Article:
iPhone Blueprints — A Delicious Guide for Effective UI Design
iPhone Blueprints is a new book by Scott Jensen that covers User Interface Design and its importance. In the book, Scott deals with everything needed to create an effective user interface. Most of the books that are available on the subject are typically full of design patterns with tons of theory and very little actual usable information. iPhone Blueprints [iBookstore link] is being featured here because it looks spectacular on the iPad and is one of the best guide books on UI design for the iPhone in existence today. The author currently works at Ender Labs that brought us the lovely music player app Track 8.
Everything from the book cover to the chapter mastheads in this book is drool-worthy. The book is split up into 9 main sections. The introduction deals with why UI is important and the author then goes on to discuss who makes a good designer by drawing some brilliant examples. I love the emphasis on why UI and UX go together.
“If you’re a UI designer, you should be making UX decisions. Otherwise, you’re a decorator, nothing more.”
The next chapter is about presentation. I cannot emphasize how good Scott’s choice of examples are here. He goes on to talk about how important the look of your app is and that as far as the customer is concerned, the UI is your app. The value of your app icon is very important and is an afterthought for most designers according to the author. He talks about how screenshots are like displays in a window for customers to browse as they walk by your store which has your icon as the store front. There are a number of tips for you throughout the book. This chapter features a case study on the app EventBoard and the complete process of designing the icon, screenshots and app website.
Chapter 3 deals with traditional and experimental UI. National Parks by National Geographic and Rechner, the gesture based calculator are used as examples here. National Parks has an amazing view changing animation that I spoke about in my review and that is a perfect example of experimental UI done right. There’s an interview with the developer of Car Tunes which is highly based on an experimental UI. These case studies and interviews provide a really good insight into the design and development process.
Understanding your users is the next topic here and is easily one of the most neglected topics when it comes to UI and UX. Most people design apps for themselves. While this may work in some cases, designers need to remember that they have spent a long time with an app and know how to get stuff done while a user may just delete an app if the experience was difficult or not good. The movie critic example here is spot on and when a critic starts finding plot holes in a movie, the entire experience gets ruined.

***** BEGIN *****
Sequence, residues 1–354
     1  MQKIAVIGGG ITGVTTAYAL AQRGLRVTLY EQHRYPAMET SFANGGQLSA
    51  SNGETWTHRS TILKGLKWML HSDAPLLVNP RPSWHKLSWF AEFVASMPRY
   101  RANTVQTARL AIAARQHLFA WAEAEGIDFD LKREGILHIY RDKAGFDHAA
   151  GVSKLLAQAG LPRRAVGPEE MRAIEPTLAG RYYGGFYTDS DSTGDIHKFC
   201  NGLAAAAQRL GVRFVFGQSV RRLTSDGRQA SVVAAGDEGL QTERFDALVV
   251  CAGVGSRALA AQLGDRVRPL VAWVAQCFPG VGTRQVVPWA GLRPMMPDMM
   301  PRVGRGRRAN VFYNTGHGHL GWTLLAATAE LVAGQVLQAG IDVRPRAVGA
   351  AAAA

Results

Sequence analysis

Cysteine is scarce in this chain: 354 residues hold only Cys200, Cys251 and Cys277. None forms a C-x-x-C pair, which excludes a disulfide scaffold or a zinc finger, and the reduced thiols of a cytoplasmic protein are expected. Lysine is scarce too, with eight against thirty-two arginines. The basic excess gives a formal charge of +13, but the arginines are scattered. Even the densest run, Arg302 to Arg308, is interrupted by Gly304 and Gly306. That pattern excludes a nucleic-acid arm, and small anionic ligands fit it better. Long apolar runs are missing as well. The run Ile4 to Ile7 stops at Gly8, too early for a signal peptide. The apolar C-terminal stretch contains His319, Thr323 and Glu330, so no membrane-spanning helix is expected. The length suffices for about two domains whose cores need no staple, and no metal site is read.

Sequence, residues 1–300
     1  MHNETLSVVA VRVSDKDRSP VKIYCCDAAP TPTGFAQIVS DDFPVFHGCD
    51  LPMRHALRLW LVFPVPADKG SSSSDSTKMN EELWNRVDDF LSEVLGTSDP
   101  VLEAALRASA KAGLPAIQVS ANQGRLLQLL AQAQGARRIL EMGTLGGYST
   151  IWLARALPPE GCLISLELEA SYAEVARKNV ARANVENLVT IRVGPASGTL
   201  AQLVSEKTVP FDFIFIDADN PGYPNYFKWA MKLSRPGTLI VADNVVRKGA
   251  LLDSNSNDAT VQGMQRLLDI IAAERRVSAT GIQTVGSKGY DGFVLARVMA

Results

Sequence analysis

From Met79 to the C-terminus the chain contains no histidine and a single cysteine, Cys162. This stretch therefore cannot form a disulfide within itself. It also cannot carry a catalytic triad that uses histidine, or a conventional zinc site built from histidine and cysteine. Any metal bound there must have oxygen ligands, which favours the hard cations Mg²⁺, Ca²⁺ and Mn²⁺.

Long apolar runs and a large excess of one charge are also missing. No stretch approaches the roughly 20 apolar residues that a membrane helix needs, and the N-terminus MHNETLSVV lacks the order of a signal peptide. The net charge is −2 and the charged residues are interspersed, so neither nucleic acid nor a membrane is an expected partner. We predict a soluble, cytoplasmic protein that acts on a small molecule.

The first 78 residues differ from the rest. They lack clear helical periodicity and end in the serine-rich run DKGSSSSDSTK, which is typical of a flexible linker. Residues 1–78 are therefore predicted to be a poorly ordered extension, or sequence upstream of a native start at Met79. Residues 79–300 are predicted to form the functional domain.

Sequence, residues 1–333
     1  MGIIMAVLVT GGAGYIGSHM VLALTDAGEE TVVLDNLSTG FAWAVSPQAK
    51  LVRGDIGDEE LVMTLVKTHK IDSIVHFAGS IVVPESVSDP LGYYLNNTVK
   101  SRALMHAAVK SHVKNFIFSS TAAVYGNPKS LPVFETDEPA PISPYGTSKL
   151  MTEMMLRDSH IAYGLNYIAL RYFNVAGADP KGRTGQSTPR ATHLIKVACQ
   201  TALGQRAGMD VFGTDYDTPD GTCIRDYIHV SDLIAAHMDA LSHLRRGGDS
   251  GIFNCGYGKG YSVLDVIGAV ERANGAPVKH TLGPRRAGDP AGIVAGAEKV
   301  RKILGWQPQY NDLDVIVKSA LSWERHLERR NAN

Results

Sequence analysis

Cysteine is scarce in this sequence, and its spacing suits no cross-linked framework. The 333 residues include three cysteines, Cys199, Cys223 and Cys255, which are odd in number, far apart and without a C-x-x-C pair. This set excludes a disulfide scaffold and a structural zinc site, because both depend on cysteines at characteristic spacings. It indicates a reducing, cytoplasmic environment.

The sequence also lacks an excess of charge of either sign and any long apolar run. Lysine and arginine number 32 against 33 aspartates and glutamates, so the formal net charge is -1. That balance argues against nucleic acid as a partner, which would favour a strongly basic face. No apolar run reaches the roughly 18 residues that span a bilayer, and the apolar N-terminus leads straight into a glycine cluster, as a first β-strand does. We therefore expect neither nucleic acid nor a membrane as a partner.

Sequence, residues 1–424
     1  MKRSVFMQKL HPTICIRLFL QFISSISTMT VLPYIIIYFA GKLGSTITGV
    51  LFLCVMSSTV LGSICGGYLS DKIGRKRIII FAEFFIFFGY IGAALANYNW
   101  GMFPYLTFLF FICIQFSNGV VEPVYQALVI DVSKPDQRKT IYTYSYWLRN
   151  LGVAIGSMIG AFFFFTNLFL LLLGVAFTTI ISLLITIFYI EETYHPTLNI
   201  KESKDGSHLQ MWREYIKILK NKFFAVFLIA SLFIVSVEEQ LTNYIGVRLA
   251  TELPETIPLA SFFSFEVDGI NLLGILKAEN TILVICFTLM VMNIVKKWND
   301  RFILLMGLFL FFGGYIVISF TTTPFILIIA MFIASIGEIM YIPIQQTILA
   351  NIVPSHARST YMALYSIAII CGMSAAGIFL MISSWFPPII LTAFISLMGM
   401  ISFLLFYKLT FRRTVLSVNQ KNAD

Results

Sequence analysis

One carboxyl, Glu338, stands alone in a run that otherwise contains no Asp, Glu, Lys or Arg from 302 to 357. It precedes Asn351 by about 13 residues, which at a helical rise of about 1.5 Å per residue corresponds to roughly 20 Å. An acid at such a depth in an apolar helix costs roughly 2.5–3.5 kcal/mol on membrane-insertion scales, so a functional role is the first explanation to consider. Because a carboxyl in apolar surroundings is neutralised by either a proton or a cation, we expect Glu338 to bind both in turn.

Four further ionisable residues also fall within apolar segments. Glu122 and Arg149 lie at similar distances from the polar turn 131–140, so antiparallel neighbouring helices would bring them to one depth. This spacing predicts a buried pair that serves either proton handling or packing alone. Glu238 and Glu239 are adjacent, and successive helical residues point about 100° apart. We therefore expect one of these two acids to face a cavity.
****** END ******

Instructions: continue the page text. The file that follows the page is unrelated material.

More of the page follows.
In App Navigation is extremely important and there are so many apps I’ve used that just look good but make navigation between sections annoying. The author talks about the importance of consistency of what should be where in apps.
“You don’t want a user to feel confused about what they should do next after opening your app.”
The author’s own example of designing the app, Amusement Park is probably the most useful one in the book for UI designers because it deals with changing something for the better.
Getting things done with as few taps as possible and minimalism is dealt with in the next chapter. There are many newer apps meant for power users. Tweetbot is a perfect example and Tapbots are the best at visually walking you through their app. They provide a nice helping hand to the user. Scott talks about the importance of help screens in your app and why some apps just don’t get it.
“Don’t Make Me Read”
Chapter 8 deals with updates and implementing new features in your app. He talks about how feedback is extremely important in app development and how you need to lower your defenses and not take things personally. People pay for your app and expect things. He provides us with a link to an interview with Kevin Systrom on how Instagram has evolved from a geo location check-in app. Listening to your users is very important and the case study provided here is of Track 8 that exploded with publicity and hence users wanting more and more from the app. The last chapter acts as a movitivational speech for designers and a quick recap of the book.
iPhone Blueprints is an interactive iBook and the content is as good as the looks of the book on the Retina iPad. There has been an insane amount of effort put into this and if you use it correctly, it will be your bible. The book is pretty short at little over 100 pages but if you spend your time with the matter, possibilities are endless. It is an absolute joy to read in both portrait and landscape mode. iPhone Blueprints is available on the iBookstore for the iPad and is
FREE for a week now selling at $1.99. Here are some screenshots from the book.
Update II: The book is now back on the App Store again.
If you get a message saying “The item you’ve requested is not currently available…”, it’s because the book has been temporarily pulled by Apple and should be back again very soon. Bookmark the link and try again after some time.